On May 16, 1990, Sammy Davis Jr. succumbed to his battle with throat cancer at the age of 64. His health had continued to decline following his release from the Cedar-Sinai Medical Center earlier that year on March 13. His death is felt in Hollywood and in the African-American community where Davis is viewed as one of its greatest performers. His friendship with Dean Martin, Frank Sinatra and Jerry Lewis stood out in Hollywood during a time when integration was not permitted in many parts of the United States. The four friends known as the Rat Pack became legends on the Las Vegas strip. To the public, Davis is seen as pioneer for other young African-American performers seeking fame and fortune in the music industry. Davis remains firmly implanted in our minds with his performances of ‘Bo Jangles’ and acting roles on the silver screen. His final film performance in the late Gregory Hines’ ‘Tap’ is both nostalgic and sad for the deterioration in Davis’ physical condition can be seen in the film. As incredible as his performances were, the story of his life as told by Davis in this phenomenal autobiography is even more fascinating and key to understanding the many directions in which his life took him.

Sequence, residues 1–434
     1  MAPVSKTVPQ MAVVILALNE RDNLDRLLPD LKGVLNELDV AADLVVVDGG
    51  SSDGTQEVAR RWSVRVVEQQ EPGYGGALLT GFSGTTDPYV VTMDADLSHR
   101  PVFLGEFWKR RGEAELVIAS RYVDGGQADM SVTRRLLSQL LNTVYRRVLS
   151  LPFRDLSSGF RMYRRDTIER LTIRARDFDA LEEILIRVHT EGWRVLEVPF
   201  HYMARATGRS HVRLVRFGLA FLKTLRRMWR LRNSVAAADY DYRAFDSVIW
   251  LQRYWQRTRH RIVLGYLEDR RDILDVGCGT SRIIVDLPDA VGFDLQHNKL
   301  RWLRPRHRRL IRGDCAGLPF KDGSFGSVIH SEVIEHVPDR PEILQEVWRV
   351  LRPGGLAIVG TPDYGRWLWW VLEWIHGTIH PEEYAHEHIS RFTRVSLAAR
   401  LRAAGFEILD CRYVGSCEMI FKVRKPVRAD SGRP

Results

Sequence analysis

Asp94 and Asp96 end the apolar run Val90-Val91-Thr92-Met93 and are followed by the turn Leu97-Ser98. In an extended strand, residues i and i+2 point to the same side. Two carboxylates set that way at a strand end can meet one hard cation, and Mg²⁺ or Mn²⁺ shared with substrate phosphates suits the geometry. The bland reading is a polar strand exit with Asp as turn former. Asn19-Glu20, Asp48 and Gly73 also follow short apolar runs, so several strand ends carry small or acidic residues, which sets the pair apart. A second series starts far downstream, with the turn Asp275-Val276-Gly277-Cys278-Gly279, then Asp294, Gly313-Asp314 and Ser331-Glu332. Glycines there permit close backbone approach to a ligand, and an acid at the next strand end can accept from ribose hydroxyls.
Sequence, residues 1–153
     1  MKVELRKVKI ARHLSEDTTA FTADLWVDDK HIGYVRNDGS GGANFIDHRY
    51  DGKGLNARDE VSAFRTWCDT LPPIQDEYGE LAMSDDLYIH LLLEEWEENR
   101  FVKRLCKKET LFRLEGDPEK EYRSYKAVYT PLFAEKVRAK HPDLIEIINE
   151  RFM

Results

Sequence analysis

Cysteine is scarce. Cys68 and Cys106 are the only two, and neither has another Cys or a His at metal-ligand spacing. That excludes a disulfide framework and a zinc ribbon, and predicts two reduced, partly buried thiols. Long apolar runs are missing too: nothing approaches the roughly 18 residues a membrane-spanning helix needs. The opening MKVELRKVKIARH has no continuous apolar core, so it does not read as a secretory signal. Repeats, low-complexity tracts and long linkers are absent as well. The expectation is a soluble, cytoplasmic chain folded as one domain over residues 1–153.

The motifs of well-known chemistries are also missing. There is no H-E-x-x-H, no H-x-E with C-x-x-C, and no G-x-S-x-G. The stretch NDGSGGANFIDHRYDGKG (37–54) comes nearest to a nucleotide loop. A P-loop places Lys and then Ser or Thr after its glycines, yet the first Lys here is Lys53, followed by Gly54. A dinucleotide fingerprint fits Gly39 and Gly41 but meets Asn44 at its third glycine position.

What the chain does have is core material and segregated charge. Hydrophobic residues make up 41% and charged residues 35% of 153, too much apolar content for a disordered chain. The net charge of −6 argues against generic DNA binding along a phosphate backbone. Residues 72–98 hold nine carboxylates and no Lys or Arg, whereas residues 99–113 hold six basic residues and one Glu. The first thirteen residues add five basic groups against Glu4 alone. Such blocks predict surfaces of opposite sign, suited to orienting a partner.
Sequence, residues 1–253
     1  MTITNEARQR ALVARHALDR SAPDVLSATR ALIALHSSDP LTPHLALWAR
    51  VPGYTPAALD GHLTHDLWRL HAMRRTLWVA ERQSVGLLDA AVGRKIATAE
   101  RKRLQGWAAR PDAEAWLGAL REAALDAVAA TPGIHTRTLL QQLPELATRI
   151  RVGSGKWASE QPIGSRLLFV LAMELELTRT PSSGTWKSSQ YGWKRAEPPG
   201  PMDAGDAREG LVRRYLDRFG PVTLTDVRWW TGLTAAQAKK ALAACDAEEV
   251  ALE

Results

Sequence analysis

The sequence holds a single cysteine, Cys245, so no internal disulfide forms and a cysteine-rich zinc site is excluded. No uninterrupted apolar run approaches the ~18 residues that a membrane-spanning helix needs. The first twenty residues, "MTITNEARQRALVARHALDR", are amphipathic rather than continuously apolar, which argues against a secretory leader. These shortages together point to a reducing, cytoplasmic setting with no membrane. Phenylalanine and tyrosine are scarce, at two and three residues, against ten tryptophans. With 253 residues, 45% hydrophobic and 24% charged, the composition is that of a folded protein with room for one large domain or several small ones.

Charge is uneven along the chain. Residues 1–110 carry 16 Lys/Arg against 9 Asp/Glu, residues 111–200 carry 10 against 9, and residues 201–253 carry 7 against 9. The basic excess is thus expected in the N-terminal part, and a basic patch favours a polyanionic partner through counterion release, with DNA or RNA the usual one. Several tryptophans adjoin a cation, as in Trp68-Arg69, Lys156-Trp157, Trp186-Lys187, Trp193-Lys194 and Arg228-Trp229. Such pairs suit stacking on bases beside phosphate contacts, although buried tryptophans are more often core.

Davis begins by recalling his childhood in which he started as an entertainer and the stormy relationship between his biological parents, both of whom were also entertainers and separated when he was young. His grandmother is enlisted to oversee his well-being but time and time again he goes on tour with Will Mastin, who serves as his second father at times. As World War II comes around, he enlists in the U.S. Army which at the time was infamous for racial prejudice and segregation. His memories of the treatment and lessons he learned in the service are both heartbreaking and eye-opening. Following the military he once again follows the show business path, the path on which he would travel for the rest of his life. Behind the scenes, his life became a rollercoaster ride. He lost an eye in a car accident, married May Britt in 1960 in the face of miscegenation laws, converted to Judaism and even carried a loaded gun on stage as he performed. He was a vocal supporter of the movement for civil rights, many of which he was denied himself throughout his life.
His marriage to May Britt in 1960 caused both shock and outrage. The reactions of the press and even ordinary citizens is repulsive at times during the book but also critical to understanding the times in which Davis lived and how bold their actions were. Miscegenation was not struck down by the Supreme Court until 1967, and even then, interracial marriage was strongly discouraged and treated with hostility. Davis’ ability to move forward in life and the struggles he faced within himself while married to Brit are key to seeing through to the real Sammy Davis, Jr. The book closes with the birth of his daughter Tracy. We now know that he was married several more times and had two additional children in his lifetime. When he died, he did not leave behind a mass of wealth as would be expected. But what he did leave behind is a legacy that continues to this day. If you want to know more about the real Sammy Davis, Jr., this is the place to start.